You can guess for yourself the time of day each picture was taken by the way the shadows of branches and leaves cast themselves.
I remember planting these tamarind trees in our backyard in 2003. I got the seeds from my grandmother’s ancestral house in Maragondon, Cavite. (Until now, I don’t think I’ve tasted the sweet, pasty rind that I enjoyed more than a decade ago from the pods of these trees – they grow so high that our neighbors keep on pruning the branches themselves.)
I don’t know who said that to be fulfilled in life, one needs to do three things: to plant a tree, to write a book, and to raise a child. It doesn’t really matter if it came from the Talmud (which says marry a wife rather than raise a child) or if it is attributed to José Martí (or even Pablo Picasso). The proverb makes sense.
By the way, this is me meowing (didn’t know before this picture how I looked “conversing” with our two cats).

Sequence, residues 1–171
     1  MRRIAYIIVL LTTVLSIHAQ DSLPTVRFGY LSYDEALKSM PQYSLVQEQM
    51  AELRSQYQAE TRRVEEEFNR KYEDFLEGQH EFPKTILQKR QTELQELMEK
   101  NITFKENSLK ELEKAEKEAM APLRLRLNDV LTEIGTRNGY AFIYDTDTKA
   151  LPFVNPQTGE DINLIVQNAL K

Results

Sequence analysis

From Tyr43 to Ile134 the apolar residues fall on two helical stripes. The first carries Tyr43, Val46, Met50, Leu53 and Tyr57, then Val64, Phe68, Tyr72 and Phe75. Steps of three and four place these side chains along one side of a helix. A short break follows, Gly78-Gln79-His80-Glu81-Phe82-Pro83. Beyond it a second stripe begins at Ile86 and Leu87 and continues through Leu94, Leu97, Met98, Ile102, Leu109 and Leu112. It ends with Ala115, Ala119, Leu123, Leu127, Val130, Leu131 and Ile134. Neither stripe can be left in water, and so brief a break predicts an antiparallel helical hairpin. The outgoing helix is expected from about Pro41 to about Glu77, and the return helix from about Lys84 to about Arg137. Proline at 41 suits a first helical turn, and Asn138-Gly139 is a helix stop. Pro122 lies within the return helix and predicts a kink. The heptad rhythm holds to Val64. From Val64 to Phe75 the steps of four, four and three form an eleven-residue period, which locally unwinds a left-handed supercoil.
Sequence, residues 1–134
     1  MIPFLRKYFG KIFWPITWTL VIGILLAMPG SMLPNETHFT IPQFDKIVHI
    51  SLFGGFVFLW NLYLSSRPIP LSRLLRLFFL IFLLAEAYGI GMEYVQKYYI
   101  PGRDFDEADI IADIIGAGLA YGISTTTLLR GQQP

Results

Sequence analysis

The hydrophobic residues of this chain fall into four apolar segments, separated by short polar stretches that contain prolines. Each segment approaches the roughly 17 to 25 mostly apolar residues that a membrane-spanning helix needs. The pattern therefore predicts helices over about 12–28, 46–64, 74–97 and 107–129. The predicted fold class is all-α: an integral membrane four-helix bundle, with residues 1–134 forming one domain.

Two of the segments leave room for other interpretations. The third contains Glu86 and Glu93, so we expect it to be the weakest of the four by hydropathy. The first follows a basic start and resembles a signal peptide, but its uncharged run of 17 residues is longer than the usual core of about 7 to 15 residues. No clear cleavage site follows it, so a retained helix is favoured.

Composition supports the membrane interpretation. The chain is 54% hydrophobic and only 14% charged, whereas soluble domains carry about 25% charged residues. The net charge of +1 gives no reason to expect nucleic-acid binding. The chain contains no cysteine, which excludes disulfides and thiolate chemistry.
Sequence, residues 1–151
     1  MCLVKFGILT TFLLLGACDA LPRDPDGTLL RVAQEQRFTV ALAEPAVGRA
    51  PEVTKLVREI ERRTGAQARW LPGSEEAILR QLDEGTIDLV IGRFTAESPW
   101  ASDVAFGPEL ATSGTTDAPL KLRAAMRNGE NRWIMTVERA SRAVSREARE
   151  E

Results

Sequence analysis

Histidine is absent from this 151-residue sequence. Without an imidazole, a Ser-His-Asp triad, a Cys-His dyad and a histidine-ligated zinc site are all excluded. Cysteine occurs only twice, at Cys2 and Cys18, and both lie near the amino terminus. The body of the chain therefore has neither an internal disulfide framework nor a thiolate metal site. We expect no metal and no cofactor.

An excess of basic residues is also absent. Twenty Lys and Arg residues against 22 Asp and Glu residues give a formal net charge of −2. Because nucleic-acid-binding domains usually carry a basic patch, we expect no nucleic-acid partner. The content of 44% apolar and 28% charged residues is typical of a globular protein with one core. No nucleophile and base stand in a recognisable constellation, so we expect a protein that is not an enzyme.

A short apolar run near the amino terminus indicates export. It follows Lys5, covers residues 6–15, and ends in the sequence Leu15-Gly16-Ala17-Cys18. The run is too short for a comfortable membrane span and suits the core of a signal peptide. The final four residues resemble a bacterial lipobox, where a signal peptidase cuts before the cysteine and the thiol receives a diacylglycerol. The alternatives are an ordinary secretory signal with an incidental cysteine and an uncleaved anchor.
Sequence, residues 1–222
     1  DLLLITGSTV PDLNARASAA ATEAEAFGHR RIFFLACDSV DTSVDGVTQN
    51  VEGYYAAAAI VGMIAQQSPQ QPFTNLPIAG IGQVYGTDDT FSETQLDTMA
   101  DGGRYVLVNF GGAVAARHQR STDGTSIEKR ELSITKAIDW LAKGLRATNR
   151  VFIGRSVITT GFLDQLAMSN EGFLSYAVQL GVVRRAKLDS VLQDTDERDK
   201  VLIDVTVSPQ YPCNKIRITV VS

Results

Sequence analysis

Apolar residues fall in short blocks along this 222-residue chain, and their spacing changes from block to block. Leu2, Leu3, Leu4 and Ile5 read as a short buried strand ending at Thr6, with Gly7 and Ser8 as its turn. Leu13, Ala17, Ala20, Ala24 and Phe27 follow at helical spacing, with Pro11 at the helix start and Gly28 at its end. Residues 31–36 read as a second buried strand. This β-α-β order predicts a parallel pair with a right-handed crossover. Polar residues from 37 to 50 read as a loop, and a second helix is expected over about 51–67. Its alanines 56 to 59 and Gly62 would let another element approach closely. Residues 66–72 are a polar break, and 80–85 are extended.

And this is me looking at one of them climbing our roof and gallivanting to our neighbor’s.
But back to the proverb. At first, I couldn’t figure out the logic or the connection between the three “tasks” in life (I’ve already planted three tamarind, or sampaloc trees, and one palm.) Sure, one can think that planting a tree and raising a child can be self-serving: for eating fruit and ensuring that there will be children to take care of you in your old age.
But every parent will tell you that not every child returns the favor, just as not every tree bears fruit that can be eaten. And what about writing a book? Is it for fame or for ensuring that you will not be forgotten?
Partyly true. I think the proverb is all about the future.
All three: trees, children, and books have “lives” that live beyond us.
That more can benefit from shade, fruit, and oxygen.
That more people can hear about the stories waiting to be told by our own children. That more can share our joy and learn from our mistakes.